Thursday, September 16, 1999 Published at 16:16 GMT 17:16 UK
Fire service 'sexist, racist and homophobic'
Quality of service's life-saving work not reflected in internal culture
The Fire Service has been branded institutionally sexist, racist and homophobic in a scathing report revealing prejudice throughout the service in England and Wales.
The overwhelmingly white, male staff believed women were not up to doing "a man's job", black firefighters faced "routine name-calling" and homosexuality was a taboo subject, according to the Fire Service Inspectorate.
Fire chiefs have been given 18 months to implement 23 recommendations contained in the report.
They also found "real" racial tension although there was relatively little overt racism.
Home Office minister Mike O'Brien said the report showed there was a stark contrast between the high standards of the service's life-saving work and its internal culture.
Of the 33,579 full time and 14,483 part time staff employed by the service, just 513 were from black and ethnic minorities and just 436 were women, according to figures for March.
Blame for the service's "macho and laddish" culture was put on the "watch" or shift system, where officers work for years with the same small group and develop a family-like closeness.
There were reports of sexual harassment in every one of the 10 forces inspected for the report: Avon, Bedfordshire and Luton, Greater Manchester, Hereford and Worcester, Leicestershire and Rutland, London, South Wales, Tyne and Wear, West Midlands and West Sussex.
The Fire Brigades Union said it was delighted that the service was at last being called to account.
"If there is anyone left in the Fire Service who does not want to turn this report into action, they should get out of the way now.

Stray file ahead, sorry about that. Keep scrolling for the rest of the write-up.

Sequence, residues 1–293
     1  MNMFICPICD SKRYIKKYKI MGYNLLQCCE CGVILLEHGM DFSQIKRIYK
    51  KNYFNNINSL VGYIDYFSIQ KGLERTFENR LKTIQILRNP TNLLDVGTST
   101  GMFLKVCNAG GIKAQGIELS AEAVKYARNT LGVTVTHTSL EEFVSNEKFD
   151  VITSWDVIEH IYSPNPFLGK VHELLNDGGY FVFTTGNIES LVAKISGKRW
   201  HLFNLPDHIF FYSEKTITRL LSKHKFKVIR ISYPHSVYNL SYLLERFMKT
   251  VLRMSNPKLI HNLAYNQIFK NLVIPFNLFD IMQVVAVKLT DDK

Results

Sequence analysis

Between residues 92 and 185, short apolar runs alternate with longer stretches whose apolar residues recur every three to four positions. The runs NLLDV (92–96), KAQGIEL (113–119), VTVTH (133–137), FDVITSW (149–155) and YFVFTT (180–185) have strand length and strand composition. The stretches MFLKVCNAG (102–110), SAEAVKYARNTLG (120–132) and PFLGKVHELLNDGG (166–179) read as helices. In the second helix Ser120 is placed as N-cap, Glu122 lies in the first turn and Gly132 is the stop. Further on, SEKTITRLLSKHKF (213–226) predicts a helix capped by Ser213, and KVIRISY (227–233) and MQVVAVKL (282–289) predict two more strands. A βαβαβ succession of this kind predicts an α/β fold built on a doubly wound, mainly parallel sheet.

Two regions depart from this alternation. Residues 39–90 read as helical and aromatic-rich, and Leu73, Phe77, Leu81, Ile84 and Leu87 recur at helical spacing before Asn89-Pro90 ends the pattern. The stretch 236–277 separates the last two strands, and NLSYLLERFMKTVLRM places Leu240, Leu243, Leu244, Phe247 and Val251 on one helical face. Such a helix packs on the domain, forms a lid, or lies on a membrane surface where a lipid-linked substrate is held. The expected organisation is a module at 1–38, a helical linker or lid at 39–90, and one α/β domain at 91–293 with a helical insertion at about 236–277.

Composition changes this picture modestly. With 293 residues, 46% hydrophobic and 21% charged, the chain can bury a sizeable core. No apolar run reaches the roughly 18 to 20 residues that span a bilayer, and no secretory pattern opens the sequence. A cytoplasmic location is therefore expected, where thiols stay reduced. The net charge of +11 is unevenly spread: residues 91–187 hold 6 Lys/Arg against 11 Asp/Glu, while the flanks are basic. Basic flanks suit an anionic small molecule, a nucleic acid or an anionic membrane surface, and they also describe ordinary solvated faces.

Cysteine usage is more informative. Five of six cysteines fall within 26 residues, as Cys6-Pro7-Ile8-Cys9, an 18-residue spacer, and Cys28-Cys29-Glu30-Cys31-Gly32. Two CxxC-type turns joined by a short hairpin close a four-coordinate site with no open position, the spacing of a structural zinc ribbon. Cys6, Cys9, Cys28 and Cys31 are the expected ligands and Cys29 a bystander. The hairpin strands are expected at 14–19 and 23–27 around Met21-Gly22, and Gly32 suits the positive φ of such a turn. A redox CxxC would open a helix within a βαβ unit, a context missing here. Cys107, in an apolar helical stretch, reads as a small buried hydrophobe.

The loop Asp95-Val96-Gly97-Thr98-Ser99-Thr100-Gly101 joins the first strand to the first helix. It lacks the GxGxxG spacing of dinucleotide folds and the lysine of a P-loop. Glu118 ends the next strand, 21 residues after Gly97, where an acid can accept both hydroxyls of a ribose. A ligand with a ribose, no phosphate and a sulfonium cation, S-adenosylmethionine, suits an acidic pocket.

"We are delighted that [Home Secretary] Jack Straw has grasped the nettle which the service has for too long ignored."
About 150 people have contacted the service's support group for gay and lesbian officers, but no more than a dozen or so have dared to come out to their colleagues, said Mr Gilchrist.
Graham Meldrum, chief inspector of the Fire Service, admitted that the report would be seen as a "great disappointment" to the service, but that it should also be looked upon as a challenge to change.
Fear of change
The report criticised both the management and culture of the service.
Its hierarchical structure and the strong emphasis put on "fitting in" with the team meant that even when procedures were in place for people to report harassment, they were seldom used.
Many of the fire-fighters interviewed believed that altering the white, male dominated nature of the organisation would inevitably lead to dropping standards.
Inspectors said staff were more ready to admit black and ethnic minorities to the service than women.
"The overwhelming collective view of the staff was strong opposition to women being employed in the operational fire service," said the report.